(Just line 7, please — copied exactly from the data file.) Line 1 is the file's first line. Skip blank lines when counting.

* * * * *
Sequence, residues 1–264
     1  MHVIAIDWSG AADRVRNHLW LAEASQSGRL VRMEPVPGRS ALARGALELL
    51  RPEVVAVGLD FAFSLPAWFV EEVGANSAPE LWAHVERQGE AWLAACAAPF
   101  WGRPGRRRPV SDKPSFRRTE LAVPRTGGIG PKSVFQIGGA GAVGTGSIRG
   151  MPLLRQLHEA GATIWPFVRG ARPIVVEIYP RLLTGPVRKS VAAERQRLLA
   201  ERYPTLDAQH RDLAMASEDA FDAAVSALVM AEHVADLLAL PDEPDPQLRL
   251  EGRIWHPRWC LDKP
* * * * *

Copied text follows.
   251  EGRIWHPRWC LDKP